You could stick to basic chords such as major and minor, without additional voicings like 7ths, 6ths etc. Try changing the rhythm to match the lyrics or simply playing static chords. Take out any melodies or riffs that may be distracting you for the time being. This is one of our most important tips for playing and singing guitar or piano. Break down and simplify the song as much as possible, then gradually increase its complexity as you gain more confidence.

black metronome

Practice with a Metronome

Timing is so important with any piece of music, but mainly when you are playing and singing simultaneously! Having a well-timed accompaniment to your song is crucial for putting vocals over it, so make sure that timing is solid and you can keep up the rhythm as you are singing.

If you have struggled to practice with a metronome in the past, another method you could try is to find a drumbeat that matches your bpm. This will help keep you in time, without the repetitive and monotonous click of the metronome. Plus, it feels like having a drummer with you! If you have basic music production skills, you can even create your own backing tracks to practice along to.

woman song writing

Don’t Be Afraid to Change Up The Song

The great thing about covering songs by other artists or performing your own material on guitar or piano is that you have full control of the arrangement, tempo and more! So don’t be afraid to add your own flair and make the songs work for you. You can change up the arrangement, the key of the song and play with a variety of rhythms to bring out the best qualities in your singing and playing.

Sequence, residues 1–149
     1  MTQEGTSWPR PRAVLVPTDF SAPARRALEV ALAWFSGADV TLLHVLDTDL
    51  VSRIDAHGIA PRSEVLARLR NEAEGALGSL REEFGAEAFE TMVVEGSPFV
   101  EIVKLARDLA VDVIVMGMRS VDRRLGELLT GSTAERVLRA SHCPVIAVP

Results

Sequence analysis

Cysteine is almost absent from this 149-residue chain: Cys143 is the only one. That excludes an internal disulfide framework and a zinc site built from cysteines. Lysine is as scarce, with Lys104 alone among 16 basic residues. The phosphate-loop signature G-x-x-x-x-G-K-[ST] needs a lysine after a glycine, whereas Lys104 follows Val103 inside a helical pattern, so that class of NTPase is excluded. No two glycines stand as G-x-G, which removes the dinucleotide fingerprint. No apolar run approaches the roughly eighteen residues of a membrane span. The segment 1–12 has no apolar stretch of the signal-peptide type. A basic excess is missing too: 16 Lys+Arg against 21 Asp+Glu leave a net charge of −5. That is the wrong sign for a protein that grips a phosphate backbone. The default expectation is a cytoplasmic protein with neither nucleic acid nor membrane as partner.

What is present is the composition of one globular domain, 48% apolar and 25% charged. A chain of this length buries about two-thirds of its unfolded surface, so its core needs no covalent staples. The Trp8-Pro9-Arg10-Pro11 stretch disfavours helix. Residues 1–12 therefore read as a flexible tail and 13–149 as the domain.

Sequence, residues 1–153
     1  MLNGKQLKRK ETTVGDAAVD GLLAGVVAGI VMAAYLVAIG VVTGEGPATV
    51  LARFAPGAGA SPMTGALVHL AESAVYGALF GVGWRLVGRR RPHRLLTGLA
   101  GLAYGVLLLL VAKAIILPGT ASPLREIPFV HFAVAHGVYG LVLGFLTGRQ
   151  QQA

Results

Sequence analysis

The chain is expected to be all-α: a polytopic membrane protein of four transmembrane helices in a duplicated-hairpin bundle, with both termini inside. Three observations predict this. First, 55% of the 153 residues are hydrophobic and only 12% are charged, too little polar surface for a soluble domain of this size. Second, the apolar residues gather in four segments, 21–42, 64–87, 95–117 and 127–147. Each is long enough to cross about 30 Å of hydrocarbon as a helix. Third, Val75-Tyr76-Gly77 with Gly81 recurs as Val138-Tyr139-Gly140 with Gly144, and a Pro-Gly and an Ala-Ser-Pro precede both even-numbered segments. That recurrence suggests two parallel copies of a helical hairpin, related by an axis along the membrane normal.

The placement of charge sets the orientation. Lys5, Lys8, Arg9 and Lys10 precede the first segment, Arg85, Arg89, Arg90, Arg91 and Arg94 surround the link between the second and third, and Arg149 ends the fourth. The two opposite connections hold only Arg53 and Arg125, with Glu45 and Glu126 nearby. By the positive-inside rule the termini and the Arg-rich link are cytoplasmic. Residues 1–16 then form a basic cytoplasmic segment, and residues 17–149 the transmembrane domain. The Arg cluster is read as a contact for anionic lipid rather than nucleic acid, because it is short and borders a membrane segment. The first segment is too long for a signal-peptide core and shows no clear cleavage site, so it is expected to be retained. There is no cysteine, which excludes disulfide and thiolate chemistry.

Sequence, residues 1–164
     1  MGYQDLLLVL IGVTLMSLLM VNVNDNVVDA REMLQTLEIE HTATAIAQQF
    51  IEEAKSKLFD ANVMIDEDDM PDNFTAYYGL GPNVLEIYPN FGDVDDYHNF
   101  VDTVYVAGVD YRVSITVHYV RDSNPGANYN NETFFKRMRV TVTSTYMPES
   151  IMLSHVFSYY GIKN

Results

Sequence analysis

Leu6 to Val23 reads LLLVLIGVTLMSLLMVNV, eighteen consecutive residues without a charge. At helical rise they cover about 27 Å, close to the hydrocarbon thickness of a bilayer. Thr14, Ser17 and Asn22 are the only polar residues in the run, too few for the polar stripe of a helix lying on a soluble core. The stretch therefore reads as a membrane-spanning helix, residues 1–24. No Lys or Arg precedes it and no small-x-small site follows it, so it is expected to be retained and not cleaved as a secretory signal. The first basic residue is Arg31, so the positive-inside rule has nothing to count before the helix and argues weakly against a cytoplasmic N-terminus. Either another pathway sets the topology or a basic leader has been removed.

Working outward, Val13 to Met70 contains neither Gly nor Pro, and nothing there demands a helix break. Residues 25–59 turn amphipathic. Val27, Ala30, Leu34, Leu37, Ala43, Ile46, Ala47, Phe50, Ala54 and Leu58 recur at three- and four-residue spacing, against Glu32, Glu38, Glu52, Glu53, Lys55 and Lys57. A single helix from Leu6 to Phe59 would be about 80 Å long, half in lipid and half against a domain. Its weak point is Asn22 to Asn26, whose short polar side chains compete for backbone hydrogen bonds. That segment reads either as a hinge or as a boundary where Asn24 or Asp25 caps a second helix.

This doesn’t mean you are necessarily taking shortcuts – we all have our unique style as performers, and it distinguishes us from the rest, so use the freedom of being able to sing and play at the same time to your advantage! In fact, your unique covers and the style of your original songs will be the reason your audience recognises you and tunes into to your performances. For inspiration, you could seek out different versions of popular songs by other performers and take in the techniques they’ve used to keep putting a fresh spin on a classic.

Adult Singing Lessons in London for Any Level!

Being comfortable with your voice is one of the essential tips for singing and playing guitar or piano. Our expert vocal coaches specialise in teaching adults of all levels by providing them with a non-judgmental environment to explore their voices. We can teach you techniques used by world-class singers that will improve all aspects of your voice while preventing vocal strain or damage. Our courses are designed to suit the needs of different students, and we offer one to one, intensive courses and group classes. London Singing Institute tutors are well-versed in all popular styles, including pop, jazz, blues, rock, classical and musical theatre.

Tags: Singing advice, Singing Tips, Motivation

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Tags: Singing advice, Singing Tips, Motivation